Decreased absolute lymphocyte count and increased neutrophil/lymphocyte ratio with immune checkpoint inhibitor–associated myocarditis

Zsofia D. Drobni, Amna Zafar, Leyre Zubiri, Daniel A. Zlotoff, Raza M. Alvi, Charlotte Lee, Sarah Hartmann, Hannah K. Gilman, Alexandra Chloe Villani, Anju Nohria, John D. Groarke, Ryan J. Sullivan, Kerry L. Reynolds, Lili Zhang, Tomas G. Neilan

Research output: Contribution to journalArticlepeer-review

1 Scopus citations

Abstract

BACKGROUND: Myocarditis attributable to immune checkpoint inhibitor (ICI) therapy is a potentially fatal immune-related adverse event. Limited data have suggested an association between baseline and on-treatment absolute lymphocyte count (ALC) and neutrophil/lymphocyte ratio (NLR) and the development of other immune-related adverse events; there are no data characterizing the role of ALC and NLR in ICI-associated myocarditis. METHODS AND RESULTS: This was a case control study of 55 patients with ICI myocarditis and 55 controls without any post-ICI immune-related adverse events. We leveraged clinical testing, where patients underwent routine serial blood counts before and with each ICI cycle to compare the baseline and change in ALC and NLR between cases and controls. The association between the change in these parameters with clinical variables and major adverse cardiac events was also tested. In cases, there was a statistically significant decrease in ALC with myocarditis from baseline (1.6 thousands per cubic milliliter (K/μL); interquartile range, 1.1–1.9 K/μL) to admission (1.1 K/μL; interquartile range, 0.7–1.3 K/μL; P<0.001). Similarly, there was an increase in NLR from baseline (3.5; interquartile range, 2.3–5.4) to admission (6.6; interquartile range, 4.5–14.1; P<0.001). There was no statistically significant change in controls. In follow-up, there were 20 events; larger decreases in ALC (44.6% versus 18.2%; P<0.001) or increases in NLR (156.5% versus 65.1%; P=0.019) were associated with major adverse cardiac events. CONCLUSIONS: A reduction in ALC and an increase in NLR was seen with ICI myocarditis. A greater decrease in ALC or increase in NLR was associated with subsequent major adverse cardiac events.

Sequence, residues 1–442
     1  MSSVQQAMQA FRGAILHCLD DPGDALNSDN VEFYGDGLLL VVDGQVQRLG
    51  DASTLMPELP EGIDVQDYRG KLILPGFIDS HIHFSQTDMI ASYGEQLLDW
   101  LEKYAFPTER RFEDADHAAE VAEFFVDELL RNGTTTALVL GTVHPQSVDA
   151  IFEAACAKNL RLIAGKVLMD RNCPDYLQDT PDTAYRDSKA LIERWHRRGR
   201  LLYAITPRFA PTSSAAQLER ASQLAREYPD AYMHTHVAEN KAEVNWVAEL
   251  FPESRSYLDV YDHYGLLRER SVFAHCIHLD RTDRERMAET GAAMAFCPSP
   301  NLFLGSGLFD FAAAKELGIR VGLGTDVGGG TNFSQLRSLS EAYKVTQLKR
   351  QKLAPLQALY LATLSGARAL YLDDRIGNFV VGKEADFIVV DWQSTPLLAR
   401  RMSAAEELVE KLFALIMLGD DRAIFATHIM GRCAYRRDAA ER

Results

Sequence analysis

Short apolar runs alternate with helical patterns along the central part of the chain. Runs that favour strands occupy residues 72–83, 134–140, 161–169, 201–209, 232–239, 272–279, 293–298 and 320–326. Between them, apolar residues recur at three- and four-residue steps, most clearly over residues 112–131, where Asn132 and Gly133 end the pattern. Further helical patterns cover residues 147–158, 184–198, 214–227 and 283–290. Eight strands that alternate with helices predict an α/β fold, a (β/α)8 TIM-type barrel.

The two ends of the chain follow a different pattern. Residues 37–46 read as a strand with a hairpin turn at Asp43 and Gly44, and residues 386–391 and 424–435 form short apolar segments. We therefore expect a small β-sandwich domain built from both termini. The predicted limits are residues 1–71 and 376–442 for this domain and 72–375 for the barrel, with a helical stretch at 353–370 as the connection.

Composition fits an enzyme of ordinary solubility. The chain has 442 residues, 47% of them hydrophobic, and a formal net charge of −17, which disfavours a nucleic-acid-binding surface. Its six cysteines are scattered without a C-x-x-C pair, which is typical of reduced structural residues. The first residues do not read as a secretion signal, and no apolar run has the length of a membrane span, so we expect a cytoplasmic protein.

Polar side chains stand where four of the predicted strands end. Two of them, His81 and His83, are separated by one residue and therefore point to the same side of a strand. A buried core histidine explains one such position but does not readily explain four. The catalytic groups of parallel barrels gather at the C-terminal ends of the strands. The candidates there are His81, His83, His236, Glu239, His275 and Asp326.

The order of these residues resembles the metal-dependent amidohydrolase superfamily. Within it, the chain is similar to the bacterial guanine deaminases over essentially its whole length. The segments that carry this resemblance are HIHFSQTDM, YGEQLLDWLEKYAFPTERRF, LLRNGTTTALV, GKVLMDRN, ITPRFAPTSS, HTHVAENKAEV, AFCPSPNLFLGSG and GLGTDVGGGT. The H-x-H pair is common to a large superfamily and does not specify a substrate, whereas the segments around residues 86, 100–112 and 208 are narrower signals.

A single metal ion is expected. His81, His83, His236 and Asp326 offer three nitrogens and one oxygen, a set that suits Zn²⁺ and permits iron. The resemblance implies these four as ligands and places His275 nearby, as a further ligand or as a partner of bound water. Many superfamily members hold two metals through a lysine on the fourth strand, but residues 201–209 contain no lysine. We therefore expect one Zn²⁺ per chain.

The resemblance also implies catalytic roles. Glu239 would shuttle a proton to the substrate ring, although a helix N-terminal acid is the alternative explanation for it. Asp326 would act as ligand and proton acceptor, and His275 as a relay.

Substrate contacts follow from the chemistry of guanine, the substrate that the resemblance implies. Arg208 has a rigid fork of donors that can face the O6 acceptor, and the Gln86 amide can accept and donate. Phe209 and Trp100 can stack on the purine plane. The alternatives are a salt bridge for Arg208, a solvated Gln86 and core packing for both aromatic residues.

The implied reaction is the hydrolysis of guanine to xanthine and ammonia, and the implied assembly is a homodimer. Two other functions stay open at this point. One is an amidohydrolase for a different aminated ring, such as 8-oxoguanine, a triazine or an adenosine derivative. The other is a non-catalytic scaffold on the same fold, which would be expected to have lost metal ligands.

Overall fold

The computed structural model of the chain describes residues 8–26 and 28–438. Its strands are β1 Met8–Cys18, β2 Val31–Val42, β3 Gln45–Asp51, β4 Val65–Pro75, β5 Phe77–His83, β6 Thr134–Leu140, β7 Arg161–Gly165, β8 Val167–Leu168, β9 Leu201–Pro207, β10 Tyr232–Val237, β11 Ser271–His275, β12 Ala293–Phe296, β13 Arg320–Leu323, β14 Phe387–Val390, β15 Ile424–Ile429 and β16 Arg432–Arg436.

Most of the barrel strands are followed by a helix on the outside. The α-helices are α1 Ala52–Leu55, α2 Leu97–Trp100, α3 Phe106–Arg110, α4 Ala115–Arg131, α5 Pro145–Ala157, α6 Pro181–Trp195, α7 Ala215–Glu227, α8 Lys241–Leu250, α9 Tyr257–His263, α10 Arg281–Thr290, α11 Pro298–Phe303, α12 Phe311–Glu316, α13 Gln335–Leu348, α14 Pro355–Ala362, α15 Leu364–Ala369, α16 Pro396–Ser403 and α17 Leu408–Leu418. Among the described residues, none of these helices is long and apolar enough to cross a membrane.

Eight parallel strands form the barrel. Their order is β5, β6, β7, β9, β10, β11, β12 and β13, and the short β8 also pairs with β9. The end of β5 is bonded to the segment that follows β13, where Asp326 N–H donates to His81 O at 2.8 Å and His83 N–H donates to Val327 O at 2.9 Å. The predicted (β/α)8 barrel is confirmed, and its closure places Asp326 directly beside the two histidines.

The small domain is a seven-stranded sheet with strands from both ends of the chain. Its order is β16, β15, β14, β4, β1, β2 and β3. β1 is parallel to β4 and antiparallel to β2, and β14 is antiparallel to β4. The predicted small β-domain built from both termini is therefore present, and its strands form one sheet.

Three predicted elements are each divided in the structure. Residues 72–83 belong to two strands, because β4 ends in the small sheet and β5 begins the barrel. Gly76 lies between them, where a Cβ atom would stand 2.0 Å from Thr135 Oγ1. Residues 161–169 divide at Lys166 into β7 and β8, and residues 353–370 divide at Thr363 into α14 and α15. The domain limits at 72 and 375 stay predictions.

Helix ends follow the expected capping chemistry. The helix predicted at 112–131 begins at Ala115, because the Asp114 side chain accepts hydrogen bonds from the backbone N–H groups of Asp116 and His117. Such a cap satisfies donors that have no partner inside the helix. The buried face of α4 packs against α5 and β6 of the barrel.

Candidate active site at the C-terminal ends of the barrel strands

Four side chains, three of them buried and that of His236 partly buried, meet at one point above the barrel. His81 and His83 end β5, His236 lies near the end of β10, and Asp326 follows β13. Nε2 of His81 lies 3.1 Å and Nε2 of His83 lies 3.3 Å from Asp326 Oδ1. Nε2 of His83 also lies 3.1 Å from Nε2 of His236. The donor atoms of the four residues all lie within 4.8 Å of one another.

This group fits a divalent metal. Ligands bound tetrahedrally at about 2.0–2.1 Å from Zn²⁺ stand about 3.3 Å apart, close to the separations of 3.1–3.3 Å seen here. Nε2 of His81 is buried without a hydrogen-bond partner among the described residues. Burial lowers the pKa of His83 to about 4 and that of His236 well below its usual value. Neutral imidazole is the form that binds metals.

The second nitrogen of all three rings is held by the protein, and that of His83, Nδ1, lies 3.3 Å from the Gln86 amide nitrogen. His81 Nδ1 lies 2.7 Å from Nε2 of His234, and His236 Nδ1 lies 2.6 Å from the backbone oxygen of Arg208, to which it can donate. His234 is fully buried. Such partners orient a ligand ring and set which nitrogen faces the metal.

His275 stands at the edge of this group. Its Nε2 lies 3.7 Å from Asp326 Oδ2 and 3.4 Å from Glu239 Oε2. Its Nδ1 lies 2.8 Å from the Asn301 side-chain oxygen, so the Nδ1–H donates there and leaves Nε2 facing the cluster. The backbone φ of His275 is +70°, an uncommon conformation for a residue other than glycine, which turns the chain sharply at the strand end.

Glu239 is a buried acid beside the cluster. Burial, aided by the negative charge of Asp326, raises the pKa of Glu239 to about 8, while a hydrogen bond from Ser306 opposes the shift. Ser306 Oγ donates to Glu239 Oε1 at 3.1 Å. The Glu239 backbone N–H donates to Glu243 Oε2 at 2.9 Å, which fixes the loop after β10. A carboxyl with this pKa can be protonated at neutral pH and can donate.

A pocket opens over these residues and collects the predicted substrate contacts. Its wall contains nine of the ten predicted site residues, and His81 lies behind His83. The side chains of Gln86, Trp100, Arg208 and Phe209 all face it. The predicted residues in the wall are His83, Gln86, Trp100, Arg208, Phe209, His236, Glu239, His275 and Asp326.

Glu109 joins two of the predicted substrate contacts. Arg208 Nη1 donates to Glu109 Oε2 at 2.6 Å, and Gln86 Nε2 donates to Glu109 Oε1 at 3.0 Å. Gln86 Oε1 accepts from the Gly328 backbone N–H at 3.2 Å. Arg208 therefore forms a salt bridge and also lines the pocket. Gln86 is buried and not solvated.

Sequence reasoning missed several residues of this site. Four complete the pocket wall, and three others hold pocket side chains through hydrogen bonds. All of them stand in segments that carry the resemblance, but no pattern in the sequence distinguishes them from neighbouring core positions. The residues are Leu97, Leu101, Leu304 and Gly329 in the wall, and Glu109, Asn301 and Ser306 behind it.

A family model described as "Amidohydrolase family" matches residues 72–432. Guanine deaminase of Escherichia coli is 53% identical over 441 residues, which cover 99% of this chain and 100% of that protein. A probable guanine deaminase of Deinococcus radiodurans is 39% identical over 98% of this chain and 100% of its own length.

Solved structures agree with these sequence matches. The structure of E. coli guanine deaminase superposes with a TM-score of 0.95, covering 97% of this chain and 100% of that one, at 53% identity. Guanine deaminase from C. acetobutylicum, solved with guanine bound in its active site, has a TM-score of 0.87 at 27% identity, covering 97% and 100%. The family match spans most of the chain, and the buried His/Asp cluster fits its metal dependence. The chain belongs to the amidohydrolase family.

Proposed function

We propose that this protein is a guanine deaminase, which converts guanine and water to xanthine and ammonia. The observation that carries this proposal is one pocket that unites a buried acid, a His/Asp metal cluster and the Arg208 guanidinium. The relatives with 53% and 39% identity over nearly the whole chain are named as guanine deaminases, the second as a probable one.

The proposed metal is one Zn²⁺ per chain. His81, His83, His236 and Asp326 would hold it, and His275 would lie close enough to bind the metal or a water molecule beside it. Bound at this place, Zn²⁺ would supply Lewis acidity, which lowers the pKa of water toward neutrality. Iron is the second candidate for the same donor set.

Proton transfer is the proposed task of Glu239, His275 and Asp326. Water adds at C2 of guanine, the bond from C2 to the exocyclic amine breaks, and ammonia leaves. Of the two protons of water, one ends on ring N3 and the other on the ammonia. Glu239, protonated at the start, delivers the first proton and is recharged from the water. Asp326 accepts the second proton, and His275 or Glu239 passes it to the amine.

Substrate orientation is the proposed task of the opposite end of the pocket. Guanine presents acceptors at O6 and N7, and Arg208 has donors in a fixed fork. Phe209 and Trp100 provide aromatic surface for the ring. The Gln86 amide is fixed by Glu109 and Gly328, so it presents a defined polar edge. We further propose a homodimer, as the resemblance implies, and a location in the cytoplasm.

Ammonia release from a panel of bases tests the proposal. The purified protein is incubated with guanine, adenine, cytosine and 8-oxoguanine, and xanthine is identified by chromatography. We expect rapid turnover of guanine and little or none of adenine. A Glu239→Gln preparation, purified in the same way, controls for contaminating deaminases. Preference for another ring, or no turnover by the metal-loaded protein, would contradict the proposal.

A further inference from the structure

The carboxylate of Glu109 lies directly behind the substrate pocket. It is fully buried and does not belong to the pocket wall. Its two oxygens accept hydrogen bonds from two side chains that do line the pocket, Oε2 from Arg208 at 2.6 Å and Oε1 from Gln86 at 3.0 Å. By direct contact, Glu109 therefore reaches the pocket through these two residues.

Original languageEnglish (US)
Article numbere018306
JournalJournal of the American Heart Association
Volume9
Issue number23
DOIs
StatePublished - Dec 1 2020

Keywords

  • Immune checkpoint inhibitor
  • Lymphocyte
  • Myocarditis
  • Oncology

ASJC Scopus subject areas

  • Cardiology and Cardiovascular Medicine

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